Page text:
The Maroon Bells Traverse is 0.5 miles and took us 1:40 hr to complete but we took a big break along the way so it can certainly be done faster. It is said to be class 5 but most of it was class 3-4. There is a fun chimney-like climb followed by one other climb immediately after which would be the toughest part but if you’re a climber, it’s just fun. For someone that does not scramble above class 3 routes though, you might find yourself in some spicy spots. Overall, I’m scared of heights and didn’t find the entire climb to have much exposure. I also feel like the rock is not as loose as I expected it to be; in fact, most of it was more solid than I could have hoped for – most, not all, so be cautious still. We did bring a rope for my peace of mind but didn’t use it at all, and we did wear our helmets – you just never know what another climber or the mountain might drop down on you.

You can find solid details of the route on 14ers.com – There are said to be 3 obstacles but I don’t understand why obstacle 2 is an obstacle as you can simply keep walking around it.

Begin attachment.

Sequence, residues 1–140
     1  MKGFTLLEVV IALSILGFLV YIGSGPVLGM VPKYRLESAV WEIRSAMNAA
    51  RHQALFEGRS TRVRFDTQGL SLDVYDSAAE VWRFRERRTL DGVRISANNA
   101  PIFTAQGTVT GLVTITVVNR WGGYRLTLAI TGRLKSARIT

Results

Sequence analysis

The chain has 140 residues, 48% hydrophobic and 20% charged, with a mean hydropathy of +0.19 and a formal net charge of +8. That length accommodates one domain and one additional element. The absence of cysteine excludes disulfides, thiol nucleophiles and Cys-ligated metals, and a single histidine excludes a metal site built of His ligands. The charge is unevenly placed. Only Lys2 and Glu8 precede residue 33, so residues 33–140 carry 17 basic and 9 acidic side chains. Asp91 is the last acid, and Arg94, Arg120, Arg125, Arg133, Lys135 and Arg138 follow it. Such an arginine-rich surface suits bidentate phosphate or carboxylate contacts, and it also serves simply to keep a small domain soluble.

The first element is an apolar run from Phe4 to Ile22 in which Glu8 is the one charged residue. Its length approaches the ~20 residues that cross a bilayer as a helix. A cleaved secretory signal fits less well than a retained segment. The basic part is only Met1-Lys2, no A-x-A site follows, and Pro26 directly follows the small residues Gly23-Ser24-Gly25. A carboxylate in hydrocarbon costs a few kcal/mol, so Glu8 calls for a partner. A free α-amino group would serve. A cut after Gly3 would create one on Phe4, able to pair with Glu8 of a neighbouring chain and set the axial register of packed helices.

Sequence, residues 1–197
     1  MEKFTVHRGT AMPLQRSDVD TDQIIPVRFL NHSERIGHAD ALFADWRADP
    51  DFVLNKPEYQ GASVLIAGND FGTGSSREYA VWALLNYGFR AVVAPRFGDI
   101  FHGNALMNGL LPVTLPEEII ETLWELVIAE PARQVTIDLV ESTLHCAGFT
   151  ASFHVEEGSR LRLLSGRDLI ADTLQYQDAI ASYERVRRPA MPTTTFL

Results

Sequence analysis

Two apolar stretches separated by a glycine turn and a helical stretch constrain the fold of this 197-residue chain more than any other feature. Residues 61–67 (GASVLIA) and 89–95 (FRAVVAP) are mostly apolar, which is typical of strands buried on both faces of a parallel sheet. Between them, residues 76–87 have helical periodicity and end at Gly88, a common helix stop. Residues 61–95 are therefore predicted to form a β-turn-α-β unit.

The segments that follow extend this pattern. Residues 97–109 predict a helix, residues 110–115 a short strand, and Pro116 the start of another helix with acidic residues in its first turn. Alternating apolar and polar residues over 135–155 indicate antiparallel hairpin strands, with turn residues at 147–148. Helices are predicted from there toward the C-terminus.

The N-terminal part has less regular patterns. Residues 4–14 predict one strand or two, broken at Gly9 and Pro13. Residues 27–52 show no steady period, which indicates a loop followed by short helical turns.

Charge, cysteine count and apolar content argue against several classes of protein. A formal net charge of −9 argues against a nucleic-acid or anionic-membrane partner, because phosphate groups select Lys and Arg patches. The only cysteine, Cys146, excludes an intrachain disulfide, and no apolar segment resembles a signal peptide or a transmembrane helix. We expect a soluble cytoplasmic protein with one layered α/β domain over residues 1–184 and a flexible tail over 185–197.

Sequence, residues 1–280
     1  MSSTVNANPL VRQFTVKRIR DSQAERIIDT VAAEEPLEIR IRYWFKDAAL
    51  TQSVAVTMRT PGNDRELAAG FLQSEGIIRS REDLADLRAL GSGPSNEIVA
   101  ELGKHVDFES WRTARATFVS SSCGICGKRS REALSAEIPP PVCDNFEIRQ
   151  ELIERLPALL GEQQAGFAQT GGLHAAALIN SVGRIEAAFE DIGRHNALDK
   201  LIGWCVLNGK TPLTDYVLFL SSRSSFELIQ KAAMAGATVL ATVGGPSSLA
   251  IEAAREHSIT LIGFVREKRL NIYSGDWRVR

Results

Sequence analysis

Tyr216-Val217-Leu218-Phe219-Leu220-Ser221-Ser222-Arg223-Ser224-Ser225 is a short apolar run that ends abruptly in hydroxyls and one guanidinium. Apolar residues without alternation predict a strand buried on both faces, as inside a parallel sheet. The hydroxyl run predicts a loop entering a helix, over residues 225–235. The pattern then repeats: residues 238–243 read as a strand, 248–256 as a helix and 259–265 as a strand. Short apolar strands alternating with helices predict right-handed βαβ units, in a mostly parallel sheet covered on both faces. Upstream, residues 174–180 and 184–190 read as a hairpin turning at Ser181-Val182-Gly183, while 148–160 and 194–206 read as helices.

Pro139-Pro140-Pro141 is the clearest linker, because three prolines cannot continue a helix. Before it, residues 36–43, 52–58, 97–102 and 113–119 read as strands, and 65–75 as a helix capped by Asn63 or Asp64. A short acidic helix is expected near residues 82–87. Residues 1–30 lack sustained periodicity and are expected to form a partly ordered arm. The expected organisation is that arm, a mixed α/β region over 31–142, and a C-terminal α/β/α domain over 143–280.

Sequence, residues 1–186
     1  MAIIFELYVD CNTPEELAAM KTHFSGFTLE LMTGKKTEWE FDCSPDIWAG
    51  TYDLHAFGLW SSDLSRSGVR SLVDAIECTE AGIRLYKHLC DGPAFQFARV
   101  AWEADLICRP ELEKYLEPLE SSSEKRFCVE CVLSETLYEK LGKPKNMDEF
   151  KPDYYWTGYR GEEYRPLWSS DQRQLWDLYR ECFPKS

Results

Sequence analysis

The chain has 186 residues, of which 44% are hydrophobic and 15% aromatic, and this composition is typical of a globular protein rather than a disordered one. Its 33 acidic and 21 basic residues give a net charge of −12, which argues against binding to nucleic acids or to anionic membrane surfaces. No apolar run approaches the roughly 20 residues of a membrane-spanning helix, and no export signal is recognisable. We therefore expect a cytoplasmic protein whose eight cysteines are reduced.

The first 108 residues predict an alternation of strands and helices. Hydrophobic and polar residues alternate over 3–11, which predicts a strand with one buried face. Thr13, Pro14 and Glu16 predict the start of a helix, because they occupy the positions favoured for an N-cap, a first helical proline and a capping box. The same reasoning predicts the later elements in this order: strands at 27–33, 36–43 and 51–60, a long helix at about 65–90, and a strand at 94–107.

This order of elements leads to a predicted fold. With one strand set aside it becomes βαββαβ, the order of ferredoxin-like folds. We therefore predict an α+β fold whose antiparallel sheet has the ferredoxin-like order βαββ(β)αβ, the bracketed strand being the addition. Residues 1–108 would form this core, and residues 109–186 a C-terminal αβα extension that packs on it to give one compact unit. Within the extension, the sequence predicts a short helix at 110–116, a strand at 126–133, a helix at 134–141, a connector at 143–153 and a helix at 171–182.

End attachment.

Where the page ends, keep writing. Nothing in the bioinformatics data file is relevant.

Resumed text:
We made it to North Maroon Peak 14,038 ft at 11:48 am. Some maps do not list it as a 14er but my tracker puts it there.

Hiking down North Maroon Peak to Camp

This part was the suckiest day of the entire 4.5-day trip. 2 miles and 3,251 ft of elevation loss and you connect back with the Four Pass Loop trail. Simply follow the cairns to begin the descent, then look out for the trail to curve left around the mountain after a lot of switchbacks. Then you’ll end up on a boulder field before reconnecting with the trail. In another 2.63 miles from that junction, we reached our campsite at 3:49 pm. This part of the trail is the only section we had to repeat for the entire trip.